Which means for our asset as example:
  • Looking at the ratio of annual return and downside deviation of 0.65 in the last 5 years of US sectors long lookback, we see it is relatively higher, thus better in comparison to the benchmark SPY (0.62)
  • During the last 3 years, the ratio of annual return and downside deviation is 0.65, which is lower, thus worse than the value of 0.82 from the benchmark.

Ulcer:

'Ulcer Index is a method for measuring investment risk that addresses the real concerns of investors, unlike the widely used standard deviation of return. UI is a measure of the depth and duration of drawdowns in prices from earlier highs. Using Ulcer Index instead of standard deviation can lead to very different conclusions about investment risk and risk-adjusted return, especially when evaluating strategies that seek to avoid major declines in portfolio value (market timing, dynamic asset allocation, hedge funds, etc.). The Ulcer Index was originally developed in 1987. Since then, it has been widely recognized and adopted by the investment community. According to Nelson Freeburg, editor of Formula Research, Ulcer Index is “perhaps the most fully realized statistical portrait of risk there is.'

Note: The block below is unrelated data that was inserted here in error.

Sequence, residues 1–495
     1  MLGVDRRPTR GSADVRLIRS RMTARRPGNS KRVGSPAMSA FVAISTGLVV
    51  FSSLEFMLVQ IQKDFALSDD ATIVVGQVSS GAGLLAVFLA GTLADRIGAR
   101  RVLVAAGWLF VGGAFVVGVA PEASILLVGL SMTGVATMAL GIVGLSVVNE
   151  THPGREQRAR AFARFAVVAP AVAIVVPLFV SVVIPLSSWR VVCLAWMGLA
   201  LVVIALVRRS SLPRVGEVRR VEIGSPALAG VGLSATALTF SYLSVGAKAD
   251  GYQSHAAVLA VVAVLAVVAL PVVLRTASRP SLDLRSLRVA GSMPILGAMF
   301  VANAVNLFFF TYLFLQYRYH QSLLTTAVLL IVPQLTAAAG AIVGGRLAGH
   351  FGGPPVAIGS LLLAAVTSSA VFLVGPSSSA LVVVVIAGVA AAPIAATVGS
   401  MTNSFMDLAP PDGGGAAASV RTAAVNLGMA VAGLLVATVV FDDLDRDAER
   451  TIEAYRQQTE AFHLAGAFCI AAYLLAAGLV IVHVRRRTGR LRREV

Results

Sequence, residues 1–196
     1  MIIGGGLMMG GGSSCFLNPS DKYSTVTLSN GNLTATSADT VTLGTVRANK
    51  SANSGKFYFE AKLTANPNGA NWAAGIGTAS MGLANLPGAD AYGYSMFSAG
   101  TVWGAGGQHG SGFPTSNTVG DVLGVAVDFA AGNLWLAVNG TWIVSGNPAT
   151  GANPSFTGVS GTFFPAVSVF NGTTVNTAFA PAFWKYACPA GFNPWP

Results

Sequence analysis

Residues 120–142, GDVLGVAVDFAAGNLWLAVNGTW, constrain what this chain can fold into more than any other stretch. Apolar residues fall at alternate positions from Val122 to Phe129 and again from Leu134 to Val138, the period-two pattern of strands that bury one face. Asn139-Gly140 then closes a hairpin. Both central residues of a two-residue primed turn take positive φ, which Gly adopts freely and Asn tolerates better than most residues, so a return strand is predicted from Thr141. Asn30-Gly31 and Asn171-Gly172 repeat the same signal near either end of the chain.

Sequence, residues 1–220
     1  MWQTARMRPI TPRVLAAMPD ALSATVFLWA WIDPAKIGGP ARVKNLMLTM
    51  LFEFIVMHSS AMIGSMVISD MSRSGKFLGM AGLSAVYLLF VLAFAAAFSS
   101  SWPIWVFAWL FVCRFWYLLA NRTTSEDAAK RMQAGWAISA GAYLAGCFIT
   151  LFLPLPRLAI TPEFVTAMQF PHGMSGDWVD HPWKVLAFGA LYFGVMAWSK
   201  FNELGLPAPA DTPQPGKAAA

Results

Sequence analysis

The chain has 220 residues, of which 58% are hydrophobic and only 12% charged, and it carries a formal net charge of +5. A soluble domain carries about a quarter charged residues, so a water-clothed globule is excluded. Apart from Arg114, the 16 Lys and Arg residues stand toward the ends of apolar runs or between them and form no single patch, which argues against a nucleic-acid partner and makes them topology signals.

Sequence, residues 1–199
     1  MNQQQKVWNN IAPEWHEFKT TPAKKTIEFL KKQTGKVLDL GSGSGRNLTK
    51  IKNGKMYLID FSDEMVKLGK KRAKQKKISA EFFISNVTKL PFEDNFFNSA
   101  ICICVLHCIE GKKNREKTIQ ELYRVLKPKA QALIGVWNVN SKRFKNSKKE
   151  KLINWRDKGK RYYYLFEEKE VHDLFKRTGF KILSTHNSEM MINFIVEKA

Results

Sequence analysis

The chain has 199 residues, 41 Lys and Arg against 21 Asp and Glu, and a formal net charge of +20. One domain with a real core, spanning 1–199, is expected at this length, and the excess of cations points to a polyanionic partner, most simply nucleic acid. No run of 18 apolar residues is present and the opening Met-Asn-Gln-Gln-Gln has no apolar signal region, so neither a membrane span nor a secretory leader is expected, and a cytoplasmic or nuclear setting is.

Which means for our asset as example:
  • Compared with the benchmark SPY (3.95 ) in the period of the last 5 years, the Downside risk index of 4.78 of US sectors long lookback is higher, thus better.
  • Compared with SPY (4 ) in the period of the last 3 years, the Downside risk index of 5.76 is higher, thus better.

MaxDD:

'Maximum drawdown is defined as the peak-to-trough decline of an investment during a specific period. It is usually quoted as a percentage of the peak value. The maximum drawdown can be calculated based on absolute returns, in order to identify strategies that suffer less during market downturns, such as low-volatility strategies. However, the maximum drawdown can also be calculated based on returns relative to a benchmark index, for identifying strategies that show steady outperformance over time.'

Using this definition on our asset we see for example:
  • Compared with the benchmark SPY (-19.3 days) in the period of the last 5 years, the maximum DrawDown of -22.4 days of US sectors long lookback is smaller, thus worse.